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The memorandum of incorporation under the Companies Act 71 of 2008

by Nerien Coetzer on 28 March 2013


One of the most important changes brought about by the new Companies Act (“the Act”) is the creation of a new founding document for companies, called a Memorandum of Incorporation (the “MOI”), which combines the current memorandum of association and articles of association of a South African company into one document. The MOI stipulates the rights, duties and responsibilities of shareholders, directors and others within and in relation to a company and other related matters.

The Act provides that:
  • the MOI may include matters not addressed in the Act and alterations of alterable provisions;
  • the MOI must be consistent with the Act and is void to the extent that it contravenes or is inconsistent with the Act; and
  • any provision of a shareholders’ agreement that is inconsistent with the Act or the MOI is void to the extent of the inconsistency.
The Act allows companies to file a notice of amendment of its current founding documents to bring it in harmony with the Act by no later than the 30th of April 2013 to avoid certain automatic consequences discussed below. The Act further provides that companies have the following options during the period between the 1st of May 2011 and the 30th of April 2013 (called the “Interim Period”):
  • in the event of a conflict between the pre-existing company’s founding documents, being its memorandum and articles of association (or ‘MOI’ as it is called under the Act) and the Act, the existing MOI will prevail, except to the extent that Schedule 5 in the Act provides otherwise; and
  • in the event of a conflict between a shareholders’ agreement and the pre-existing company’s existing MOI or the Act, the shareholders’ agreement prevails (in our view this is also subject to the exceptions set forth in Schedule 5).
There are many wide exceptions to the aforementioned rule as stated in Schedule 5 and these exceptions will have immediate effect on the Interim Period (i.e. they will override the MOI and shareholders’ agreement, even during the Interim Period), these include (amongst others) provisions of the Act regulating:
  • the conversion from par value shares to no par value shares;
  • the approvals required for any distribution, financial assistance, insider share issues, or options;
  • the duties, conduct and liability of directors;
  • the rights of shareholders to receive notices and access information;
  • meetings of shareholders and directors and the adoption of resolutions;
  • fundamental transactions and regulation by the Takeover Regulation Panel; and
  • business rescues.
However, it should be noted that some of the aforementioned provisions which will become immediately effective in terms of Schedule 5 can be altered in the MOI.

Insofar as a company’s existing founding documents and shareholders’ agreement may be in harmony with the Act, it would not be necessary to amend or replace such existing documents. However, in our experience it is highly unlikely that a company’s existing founding documents and/or shareholders’ agreement would be in complete compliance.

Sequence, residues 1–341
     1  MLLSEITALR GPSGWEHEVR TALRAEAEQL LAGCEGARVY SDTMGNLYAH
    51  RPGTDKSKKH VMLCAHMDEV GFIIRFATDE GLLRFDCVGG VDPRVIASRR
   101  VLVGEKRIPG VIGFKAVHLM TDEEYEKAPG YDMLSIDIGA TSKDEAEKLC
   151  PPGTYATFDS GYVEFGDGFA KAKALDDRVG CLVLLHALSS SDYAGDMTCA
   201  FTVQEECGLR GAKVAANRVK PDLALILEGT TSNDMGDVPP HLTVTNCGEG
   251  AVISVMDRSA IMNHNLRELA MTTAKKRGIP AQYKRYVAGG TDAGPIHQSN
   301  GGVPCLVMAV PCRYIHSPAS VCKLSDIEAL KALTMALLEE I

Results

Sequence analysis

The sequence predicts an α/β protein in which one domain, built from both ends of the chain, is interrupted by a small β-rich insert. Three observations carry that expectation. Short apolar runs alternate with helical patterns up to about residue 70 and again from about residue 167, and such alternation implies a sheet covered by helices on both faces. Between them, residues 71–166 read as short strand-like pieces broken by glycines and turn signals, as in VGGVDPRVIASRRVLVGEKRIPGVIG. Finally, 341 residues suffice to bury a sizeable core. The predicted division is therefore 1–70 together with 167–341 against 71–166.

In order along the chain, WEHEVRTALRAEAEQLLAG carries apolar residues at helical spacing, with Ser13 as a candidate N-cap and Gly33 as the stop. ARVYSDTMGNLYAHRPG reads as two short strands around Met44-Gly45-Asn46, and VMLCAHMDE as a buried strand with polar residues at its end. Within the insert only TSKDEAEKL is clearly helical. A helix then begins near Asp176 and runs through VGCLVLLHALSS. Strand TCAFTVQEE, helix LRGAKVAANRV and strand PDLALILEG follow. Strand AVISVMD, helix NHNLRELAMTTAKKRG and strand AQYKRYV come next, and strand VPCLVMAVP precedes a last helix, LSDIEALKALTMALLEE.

Should a company fail to amend its founding documents in line with the Act, the result will be that after the 30th of April 2013 those provisions of its founding documents which are not compliant would be overridden by the Act and its shareholders’ agreement will be void to the extent of any inconsistency.

It is therefore very important for all companies to conduct a review of its current founding documents and shareholders’ agreements in order to establish the extent of the inconsistencies between them and the Act in order to be able to bring it in line with the new Act as soon as possible. Failing to do so could result in some of the companies’ actions/decisions being open to attack for not having been implemented legally. Depending on the nature of the non-compliance it may potentially be very costly for a company to recover from such a mistake.

The good news is that by adopting a new suitably drafted MOI, a company may be able to retain most of its previous “internal mechanisms” and administrative procedures by amending the alterable provisions of the Act to suit its particular needs.

At the moment the Companies and Intellectual Property Commission (“CIPC”) is already under huge pressure to register the large number of applications by companies to adopt new MOI’s in anticipation of the Implementation Date and currently the registration process can take up to two or more months to complete. It is therefore advisable to commence the process to replace the company’s current memorandum and articles of association with a new MOI which is compliant with the Act sooner rather than later to ensure timeous compliance by the 30th of April 2013.

Lastly, once a company’s new MOI has been drafted, it may be prudent to draft a short addendum to the existing shareholders’ agreement to record in writing those provisions of the shareholders’ agreement which will no longer apply due to them being in conflict with the MOI and/or the Act and/or which are no longer applicable under the new dispensation.



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